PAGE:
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SLN Creators: Interview With FX Artist Usama Siddiqui

Written by Hamza Khan

SLN Creators is featuring Usama Siddiqui, a graduate of Seneca College’s Visual Effects for Film and Television program. Now based in Vancouver, British Columbia, Usama has successfully made the transition from high school through post-secondary all the way to his dream job. As an FX Artist with Sony Pictures Imageworks, he most recently worked on the award-winning film Spider-Man: Into The Spider-Verse. Here’s what Usama had to say about following your dreams and making it in the industry.

What inspired you to get into this line of work?

I was interested in video editing from a very early age. I can still recall shooting and editing my own videos when I was just 12 years old. Back then I had no idea I could turn my hobby into a career. I just did it because I loved it. As I grew older, I started to expand my knowledge into motion graphics and design, but I felt that these streams didn’t allow me to completely express my style of creativity. It wasn’t until Transformers 2 when I saw Optimus Prime burst through a building in an epic fight that I knew I wanted to be a part of something as surreal as that. I remember feeling completely mesmerized in that moment by how real the entire scene looked. After that, I began to look more seriously into a career as an FX Artist, and the rest is history.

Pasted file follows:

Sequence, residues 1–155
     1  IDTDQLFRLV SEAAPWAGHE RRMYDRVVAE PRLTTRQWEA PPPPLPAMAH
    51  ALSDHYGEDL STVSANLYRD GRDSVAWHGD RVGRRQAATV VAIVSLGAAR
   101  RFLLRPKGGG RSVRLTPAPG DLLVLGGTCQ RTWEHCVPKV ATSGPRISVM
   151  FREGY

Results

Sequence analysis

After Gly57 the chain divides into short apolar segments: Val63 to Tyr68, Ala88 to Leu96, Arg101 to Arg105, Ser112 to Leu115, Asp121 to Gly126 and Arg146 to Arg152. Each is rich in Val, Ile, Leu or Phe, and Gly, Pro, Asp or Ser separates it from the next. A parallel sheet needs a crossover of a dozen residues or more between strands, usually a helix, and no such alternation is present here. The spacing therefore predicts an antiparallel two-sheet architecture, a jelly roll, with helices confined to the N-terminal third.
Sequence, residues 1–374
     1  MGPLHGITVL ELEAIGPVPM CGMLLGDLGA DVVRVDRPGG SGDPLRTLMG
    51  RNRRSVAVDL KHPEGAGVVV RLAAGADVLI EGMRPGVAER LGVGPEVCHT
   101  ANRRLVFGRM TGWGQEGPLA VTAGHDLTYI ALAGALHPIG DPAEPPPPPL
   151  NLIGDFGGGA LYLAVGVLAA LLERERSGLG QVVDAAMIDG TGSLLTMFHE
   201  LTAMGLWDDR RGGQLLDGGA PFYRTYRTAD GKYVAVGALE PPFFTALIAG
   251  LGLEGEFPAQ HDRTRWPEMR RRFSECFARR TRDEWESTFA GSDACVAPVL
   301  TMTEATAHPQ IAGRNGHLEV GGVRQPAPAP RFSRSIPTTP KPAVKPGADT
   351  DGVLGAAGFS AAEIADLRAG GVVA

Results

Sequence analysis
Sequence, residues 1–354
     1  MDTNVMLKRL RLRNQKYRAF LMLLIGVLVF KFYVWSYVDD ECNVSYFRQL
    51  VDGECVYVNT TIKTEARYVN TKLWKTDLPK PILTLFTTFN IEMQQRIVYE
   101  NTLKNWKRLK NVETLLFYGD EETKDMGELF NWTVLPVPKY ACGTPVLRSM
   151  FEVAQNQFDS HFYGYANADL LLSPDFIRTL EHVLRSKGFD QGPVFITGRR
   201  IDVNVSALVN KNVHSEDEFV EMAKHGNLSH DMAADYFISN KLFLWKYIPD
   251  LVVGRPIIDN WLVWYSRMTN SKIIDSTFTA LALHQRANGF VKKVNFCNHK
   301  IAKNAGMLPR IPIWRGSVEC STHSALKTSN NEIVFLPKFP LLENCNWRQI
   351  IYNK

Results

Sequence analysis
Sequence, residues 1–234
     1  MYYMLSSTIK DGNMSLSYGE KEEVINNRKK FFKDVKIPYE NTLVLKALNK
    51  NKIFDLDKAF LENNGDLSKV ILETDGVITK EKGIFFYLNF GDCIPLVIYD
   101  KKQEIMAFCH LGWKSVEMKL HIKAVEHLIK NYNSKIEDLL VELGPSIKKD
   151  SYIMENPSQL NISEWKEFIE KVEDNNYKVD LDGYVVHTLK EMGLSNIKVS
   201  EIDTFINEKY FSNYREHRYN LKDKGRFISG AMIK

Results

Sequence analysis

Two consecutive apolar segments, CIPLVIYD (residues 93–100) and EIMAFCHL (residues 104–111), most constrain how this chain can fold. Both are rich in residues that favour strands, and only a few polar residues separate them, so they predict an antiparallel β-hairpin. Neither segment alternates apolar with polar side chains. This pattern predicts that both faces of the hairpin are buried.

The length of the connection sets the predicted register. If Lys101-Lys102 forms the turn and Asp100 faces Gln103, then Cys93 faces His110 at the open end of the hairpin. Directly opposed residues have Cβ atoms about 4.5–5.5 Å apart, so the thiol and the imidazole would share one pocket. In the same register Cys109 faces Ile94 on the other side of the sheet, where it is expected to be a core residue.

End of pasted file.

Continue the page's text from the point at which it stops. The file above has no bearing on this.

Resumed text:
What skills are most important for this job?

There are a lot of technical skills involved. Some of the important ones are basic programming knowledge and a solid understanding of 3D software, such as Maya and Houdini. There are a lot of technical issues that come about that don’t always have a straight forward solution. You need to have a creative mindset and be able to problem solve creatively. Once you start familiarizing yourself with the internal programming languages for each special effects software, it will cut down a lot of your time and enable you to implement changes more effectively.

It’s important to understand that behind each of these projects, there are hundreds of creative minds at play. We all work together to translate a single vision into a reality. In order to truly bring a vision to life, you sometimes have to go beyond conventional means and break some creative barriers before the final product can be achieved.

How do you upgrade and sharpen your skills? Are there any courses, publications, or other resources that you use?

Considering that this industry is constantly progressing, it is extremely important to stay updated with the latest trends and technologies. Otherwise, you risk getting left behind. When a problem occurs at work, or if I am unable to perfect some of my shots, I’ll watch a lot of tutorials online. YouTube and Google really are your best friends here. Also, various studios often release behind the scenes footage of certain FX shots where they walk you through the process of how these effects were achieved. It also doesn’t hurt to get involved with online communities and forums for FX Artists, where you can interact with others in the field to further advance your skills.